It doesn’t pay to take on more house than you need, or can afford. If you have the income and the desire to stay put for twenty or more years, go ahead and buy your forever home. If not, there are plenty of other options, from cute bungalows to condos that could make you the perfect starter home.

4 Fast Solutions for Last Minute Mortgage Problems

problem-solvingGetting a mortgage can be stressful, especially when last-minute issues crop up that can stop the process in its tracks. These surprises are unpleasant, but they don’t have to spell disaster for your mortgage if you act quickly.

Problem: Additional Documentation is Needed

Your lender calls you days before closing and requests additional documentation. This most often occurs when the lender needs to verify closing funds or requires proof that all conditions for approval are satisfied, such as settling a debt.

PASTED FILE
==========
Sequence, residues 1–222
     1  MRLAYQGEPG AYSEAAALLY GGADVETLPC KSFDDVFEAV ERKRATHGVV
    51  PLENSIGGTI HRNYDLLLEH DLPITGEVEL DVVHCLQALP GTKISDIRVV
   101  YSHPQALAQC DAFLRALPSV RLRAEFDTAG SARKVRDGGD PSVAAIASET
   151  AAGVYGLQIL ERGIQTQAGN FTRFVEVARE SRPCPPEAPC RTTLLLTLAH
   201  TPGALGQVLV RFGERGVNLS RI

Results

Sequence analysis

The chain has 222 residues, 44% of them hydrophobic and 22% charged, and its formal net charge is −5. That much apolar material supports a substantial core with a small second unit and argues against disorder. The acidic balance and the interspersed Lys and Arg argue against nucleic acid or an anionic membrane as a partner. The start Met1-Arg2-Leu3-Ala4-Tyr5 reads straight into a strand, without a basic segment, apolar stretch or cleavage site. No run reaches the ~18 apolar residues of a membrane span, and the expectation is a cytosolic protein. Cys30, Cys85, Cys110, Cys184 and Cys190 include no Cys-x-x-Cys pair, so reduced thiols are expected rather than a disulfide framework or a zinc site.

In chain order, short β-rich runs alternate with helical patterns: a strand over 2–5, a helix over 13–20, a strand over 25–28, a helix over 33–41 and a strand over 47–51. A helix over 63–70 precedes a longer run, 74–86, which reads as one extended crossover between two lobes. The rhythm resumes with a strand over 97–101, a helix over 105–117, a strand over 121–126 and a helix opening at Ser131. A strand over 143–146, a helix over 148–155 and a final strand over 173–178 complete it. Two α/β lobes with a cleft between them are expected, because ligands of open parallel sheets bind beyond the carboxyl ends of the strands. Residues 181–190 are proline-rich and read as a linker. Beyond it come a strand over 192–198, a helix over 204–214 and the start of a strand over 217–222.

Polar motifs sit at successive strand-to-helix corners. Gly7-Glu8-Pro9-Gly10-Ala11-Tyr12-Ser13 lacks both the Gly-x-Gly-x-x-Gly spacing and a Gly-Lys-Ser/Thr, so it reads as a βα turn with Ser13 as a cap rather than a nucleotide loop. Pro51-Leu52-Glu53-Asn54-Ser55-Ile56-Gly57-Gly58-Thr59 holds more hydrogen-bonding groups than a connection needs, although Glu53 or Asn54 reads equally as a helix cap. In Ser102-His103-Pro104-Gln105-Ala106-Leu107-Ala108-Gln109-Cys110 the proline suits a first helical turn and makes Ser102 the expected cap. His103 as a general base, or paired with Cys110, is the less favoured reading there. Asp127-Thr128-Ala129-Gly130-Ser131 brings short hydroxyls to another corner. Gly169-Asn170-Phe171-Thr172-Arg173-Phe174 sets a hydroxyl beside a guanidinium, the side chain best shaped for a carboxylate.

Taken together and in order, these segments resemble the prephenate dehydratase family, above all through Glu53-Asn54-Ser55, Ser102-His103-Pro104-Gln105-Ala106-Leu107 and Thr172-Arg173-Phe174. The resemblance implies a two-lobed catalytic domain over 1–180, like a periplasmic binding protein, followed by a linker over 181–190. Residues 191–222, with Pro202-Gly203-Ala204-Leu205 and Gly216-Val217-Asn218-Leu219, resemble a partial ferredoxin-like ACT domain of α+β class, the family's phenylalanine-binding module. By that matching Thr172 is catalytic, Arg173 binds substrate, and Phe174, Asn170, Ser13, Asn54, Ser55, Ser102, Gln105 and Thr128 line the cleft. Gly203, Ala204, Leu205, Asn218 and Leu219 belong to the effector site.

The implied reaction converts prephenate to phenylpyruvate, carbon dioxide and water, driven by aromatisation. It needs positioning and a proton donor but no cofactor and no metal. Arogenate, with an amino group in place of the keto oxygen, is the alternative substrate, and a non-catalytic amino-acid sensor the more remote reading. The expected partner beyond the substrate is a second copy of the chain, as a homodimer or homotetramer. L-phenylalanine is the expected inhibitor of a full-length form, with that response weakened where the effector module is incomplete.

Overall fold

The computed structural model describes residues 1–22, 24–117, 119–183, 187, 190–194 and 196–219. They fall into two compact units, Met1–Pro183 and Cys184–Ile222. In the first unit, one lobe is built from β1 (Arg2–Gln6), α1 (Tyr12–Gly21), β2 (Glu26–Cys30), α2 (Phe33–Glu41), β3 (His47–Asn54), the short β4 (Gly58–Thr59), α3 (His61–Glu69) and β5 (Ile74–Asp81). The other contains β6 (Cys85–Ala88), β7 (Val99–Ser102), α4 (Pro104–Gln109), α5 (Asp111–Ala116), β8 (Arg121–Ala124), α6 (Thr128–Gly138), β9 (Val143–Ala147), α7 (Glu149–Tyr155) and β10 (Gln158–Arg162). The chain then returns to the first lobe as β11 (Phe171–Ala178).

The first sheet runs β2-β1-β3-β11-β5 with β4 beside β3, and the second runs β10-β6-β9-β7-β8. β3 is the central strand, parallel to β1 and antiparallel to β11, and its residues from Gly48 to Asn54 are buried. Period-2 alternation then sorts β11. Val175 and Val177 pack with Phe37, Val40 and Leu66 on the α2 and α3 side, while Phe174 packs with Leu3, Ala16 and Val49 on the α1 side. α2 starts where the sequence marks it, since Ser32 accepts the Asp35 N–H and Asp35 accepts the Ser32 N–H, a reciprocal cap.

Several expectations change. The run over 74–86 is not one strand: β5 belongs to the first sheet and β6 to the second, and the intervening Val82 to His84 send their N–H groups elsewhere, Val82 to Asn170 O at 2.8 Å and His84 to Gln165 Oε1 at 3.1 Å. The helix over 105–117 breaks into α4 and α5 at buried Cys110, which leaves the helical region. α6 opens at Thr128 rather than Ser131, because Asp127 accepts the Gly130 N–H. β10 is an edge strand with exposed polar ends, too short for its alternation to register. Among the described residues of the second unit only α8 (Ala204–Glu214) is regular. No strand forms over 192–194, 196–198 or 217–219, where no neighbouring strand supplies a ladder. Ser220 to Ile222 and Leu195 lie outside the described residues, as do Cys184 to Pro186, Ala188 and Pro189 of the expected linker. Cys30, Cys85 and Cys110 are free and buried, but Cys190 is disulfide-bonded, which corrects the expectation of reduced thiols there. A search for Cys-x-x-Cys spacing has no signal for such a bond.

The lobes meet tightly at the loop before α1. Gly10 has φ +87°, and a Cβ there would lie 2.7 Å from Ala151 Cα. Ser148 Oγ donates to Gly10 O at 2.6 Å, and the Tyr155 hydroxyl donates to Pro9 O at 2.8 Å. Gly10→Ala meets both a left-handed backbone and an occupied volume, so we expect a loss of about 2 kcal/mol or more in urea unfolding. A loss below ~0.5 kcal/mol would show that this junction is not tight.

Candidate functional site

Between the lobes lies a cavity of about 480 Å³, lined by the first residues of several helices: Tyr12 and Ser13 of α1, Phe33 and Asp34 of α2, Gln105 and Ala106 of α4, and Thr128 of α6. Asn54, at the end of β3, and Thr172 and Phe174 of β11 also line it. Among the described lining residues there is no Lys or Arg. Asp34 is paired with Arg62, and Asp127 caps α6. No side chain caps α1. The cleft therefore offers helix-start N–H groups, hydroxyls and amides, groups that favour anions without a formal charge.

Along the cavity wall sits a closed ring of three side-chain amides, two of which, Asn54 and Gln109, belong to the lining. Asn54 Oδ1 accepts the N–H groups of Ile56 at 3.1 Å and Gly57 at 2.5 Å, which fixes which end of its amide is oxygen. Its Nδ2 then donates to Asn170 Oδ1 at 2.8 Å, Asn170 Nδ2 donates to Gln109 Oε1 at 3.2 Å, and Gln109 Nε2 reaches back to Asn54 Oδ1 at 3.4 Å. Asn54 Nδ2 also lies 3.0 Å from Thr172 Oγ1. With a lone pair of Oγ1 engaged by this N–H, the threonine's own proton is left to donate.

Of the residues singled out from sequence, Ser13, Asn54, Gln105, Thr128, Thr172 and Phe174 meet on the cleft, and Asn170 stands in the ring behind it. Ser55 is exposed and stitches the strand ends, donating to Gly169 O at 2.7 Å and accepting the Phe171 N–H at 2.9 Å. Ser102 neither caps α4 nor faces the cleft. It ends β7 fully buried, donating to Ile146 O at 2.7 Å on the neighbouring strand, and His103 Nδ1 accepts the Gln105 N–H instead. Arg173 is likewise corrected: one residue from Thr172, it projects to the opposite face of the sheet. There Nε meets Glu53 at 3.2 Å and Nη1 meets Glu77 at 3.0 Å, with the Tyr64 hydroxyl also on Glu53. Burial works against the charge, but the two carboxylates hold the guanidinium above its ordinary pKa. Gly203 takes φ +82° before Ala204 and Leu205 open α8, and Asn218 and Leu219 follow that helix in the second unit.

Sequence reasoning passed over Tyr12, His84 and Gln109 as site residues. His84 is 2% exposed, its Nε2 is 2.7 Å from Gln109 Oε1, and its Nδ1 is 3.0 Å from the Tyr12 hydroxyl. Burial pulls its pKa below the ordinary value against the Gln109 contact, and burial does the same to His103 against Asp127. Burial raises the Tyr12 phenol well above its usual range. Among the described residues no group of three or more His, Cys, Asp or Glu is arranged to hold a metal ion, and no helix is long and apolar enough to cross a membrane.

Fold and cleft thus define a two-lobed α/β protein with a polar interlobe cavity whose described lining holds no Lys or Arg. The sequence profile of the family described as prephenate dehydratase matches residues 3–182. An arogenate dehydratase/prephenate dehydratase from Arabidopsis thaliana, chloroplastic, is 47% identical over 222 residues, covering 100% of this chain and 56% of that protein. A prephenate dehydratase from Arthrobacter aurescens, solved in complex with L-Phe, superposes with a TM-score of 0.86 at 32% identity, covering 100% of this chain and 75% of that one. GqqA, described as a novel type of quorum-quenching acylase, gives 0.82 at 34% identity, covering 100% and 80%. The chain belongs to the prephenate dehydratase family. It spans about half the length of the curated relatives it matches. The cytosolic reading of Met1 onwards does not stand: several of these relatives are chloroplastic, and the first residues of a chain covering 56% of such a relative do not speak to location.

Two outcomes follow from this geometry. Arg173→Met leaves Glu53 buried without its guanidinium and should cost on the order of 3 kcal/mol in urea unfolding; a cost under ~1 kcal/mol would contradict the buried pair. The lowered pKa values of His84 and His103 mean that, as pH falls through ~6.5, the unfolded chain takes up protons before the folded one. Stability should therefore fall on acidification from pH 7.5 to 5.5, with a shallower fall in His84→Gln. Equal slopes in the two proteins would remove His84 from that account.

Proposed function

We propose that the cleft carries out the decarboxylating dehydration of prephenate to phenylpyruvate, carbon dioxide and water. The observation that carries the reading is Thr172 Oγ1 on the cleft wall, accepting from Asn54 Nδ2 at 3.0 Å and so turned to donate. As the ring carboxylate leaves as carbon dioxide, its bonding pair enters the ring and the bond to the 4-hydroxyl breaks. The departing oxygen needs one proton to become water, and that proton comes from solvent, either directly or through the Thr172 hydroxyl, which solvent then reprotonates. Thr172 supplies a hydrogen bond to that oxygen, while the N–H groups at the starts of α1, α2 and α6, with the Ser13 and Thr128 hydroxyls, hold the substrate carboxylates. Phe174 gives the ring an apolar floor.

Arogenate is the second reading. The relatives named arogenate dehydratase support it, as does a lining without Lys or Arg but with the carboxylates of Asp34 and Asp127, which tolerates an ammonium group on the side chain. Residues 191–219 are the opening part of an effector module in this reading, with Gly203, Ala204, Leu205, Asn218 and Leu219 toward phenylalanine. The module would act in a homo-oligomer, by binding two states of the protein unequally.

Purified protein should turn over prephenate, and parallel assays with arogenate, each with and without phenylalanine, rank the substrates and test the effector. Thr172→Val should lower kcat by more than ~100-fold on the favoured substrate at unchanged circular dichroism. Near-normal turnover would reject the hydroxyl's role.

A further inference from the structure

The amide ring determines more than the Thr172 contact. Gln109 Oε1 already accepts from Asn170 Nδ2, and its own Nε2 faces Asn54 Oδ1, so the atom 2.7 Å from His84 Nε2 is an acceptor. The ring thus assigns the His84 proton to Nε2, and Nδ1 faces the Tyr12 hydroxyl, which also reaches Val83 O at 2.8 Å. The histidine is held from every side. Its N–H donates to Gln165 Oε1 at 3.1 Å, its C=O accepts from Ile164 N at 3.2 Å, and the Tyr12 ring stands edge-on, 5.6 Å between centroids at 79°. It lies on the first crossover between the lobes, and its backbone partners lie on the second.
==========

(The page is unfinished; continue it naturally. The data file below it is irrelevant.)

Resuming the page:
Solution: To rectify it quickly, take the required paperwork to the lender in person, if possible. If not, see if you can send it by email or other digital means. The final option is to send a fax directed to the attention of the loan officer who is working on your mortgage.

How To Avoid It: Contact your lender no less than one week before closing and make sure there’s no additional paperwork you need to turn in.

Problem: Paperwork Error

An error in your paperwork has brought the loan process to a halt. This issue can range from the misspelling of a name to erroneous financial figures.

Solution:Include all necessary supporting documentation when you submit the corrections to increase your chances of a timely closing.

How To Avoid It: Review all of your application and loan paperwork well ahead of closing and keep an eye out for errors, no matter how trivial. Be especially diligent about the loan amount, down payment, interest rate and closing costs.